A number of years ago I was invited to share with a group of pastors, teachers, and leaders for a two-day retreat.
On the last day of the retreat, I was asked to share some snapshots of Christ-centered community from my own experience.
I told the story of one such community. This body of believers discovered Jesus Christ in the depths and learned to love one another through thick or thin.
They also learned how to have New Testament-styled church meetings where every member functioned, sharing the riches of Christ through their various gifts . . . all without a facilitator present.
Their gatherings and their community life was under the headship of Jesus Christ.
One of my closing comments was that this group of believers had discovered that Christ was alive enough to be the head of His own church, not in rhetoric, but in reality.
They certainly had their share of problems and issues — as was the case with every church in the first century. But they also discovered how to find the Lord in the midst of them.
The examples I gave of the work of the Holy Spirit in this group were stunning. And they made a tremendous impact on my own life and ministry, all these years later.
When I finished, there were two reactions in the room.
One was amazement. Some of the leaders had never seen or heard anything like what I described. So they quizzed me with questions privately afterwards.
I was highly impressed with those particular people. Why? Because of their hunger for the Lord. In talking to these people, they were quite insightful and discerning.
The other group didn’t quite understand what I was talking about. They had no context for it, so they politely listened and then went on to other things, never asking a question.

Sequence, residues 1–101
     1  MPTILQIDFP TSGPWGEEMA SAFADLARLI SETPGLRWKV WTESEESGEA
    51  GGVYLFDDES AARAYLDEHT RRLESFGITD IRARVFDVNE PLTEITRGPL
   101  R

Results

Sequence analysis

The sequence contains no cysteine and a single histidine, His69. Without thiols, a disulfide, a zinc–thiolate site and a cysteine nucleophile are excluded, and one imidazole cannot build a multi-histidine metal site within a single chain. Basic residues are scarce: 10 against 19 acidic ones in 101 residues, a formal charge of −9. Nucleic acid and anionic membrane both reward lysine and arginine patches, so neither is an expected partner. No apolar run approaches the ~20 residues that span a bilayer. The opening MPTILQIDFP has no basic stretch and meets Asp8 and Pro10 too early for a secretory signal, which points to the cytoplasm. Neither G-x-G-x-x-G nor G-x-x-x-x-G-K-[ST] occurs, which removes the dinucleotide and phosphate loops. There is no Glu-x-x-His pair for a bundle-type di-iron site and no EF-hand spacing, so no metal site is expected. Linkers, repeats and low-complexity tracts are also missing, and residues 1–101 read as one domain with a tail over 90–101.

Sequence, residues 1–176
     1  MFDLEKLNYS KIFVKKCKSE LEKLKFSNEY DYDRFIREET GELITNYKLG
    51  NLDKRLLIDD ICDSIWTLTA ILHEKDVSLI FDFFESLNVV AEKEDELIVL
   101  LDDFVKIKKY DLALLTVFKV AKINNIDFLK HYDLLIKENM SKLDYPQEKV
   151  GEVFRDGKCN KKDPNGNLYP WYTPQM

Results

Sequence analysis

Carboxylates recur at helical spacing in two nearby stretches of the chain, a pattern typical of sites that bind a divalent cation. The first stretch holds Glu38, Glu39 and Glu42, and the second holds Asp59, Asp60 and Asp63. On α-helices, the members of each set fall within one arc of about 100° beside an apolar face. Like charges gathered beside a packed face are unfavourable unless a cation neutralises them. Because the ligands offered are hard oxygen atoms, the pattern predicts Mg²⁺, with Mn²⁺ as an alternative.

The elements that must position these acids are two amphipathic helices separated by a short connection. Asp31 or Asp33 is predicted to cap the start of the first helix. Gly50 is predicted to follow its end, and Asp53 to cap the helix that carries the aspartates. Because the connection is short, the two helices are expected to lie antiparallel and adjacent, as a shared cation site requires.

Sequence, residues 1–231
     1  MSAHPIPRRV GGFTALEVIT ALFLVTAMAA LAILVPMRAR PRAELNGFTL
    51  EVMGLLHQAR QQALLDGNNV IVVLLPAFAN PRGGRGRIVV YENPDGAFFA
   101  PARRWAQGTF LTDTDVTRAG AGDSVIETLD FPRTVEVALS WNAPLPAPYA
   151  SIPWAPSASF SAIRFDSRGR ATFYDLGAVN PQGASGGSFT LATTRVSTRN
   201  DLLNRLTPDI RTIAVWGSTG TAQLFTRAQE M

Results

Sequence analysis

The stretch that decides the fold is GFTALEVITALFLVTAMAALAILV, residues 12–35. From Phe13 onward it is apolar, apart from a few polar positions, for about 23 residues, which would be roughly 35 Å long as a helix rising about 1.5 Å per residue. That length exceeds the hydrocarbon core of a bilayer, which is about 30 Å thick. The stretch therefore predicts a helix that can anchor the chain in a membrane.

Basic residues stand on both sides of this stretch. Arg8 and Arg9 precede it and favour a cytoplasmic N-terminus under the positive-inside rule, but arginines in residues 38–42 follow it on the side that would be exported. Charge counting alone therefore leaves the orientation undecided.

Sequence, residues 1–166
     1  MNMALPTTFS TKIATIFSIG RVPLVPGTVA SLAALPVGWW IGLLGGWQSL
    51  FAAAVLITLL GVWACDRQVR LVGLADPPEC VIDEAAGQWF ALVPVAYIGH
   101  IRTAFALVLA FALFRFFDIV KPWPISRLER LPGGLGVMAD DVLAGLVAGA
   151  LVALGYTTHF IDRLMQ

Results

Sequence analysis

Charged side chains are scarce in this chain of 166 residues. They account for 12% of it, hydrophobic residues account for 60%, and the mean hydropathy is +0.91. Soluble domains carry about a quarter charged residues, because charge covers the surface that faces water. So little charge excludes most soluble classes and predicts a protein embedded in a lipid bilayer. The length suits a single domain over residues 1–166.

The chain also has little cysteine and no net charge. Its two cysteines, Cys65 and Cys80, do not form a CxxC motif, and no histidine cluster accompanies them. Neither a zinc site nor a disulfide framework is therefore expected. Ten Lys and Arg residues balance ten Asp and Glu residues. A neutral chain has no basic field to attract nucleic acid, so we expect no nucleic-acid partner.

One gentlemen in the room was both a professor and a pastor. After hearing me rehearse story after story about the amazing things happened — can can still happen — when a group of Christians discovers how to live by the indwelling life of Christ together, he shared his opinion with the group.
In effect, he said, “what you’ve just described is a sociological reality called group form dynamics.”
Jaws began to drop throughout the room.
This man just heard the living testimony of Jesus Christ through His body, and his response was, “you’re describing a sociological reality.”
Here was a leader in the Christian world, a pastor of a very large denomination and a professor, and that’s what he heard.
My response was simple. I talked to him as though I were speaking to an atheist. I said, “I believe that Jesus Christ exists and that He’s real. I also believe that He lives in His people, and when they learn to live by His life, they can express Him in remarkable ways, shaming principalities and powers in other realms. That’s what this group of simple Christians had discovered.”
The conversation then moved on to other things.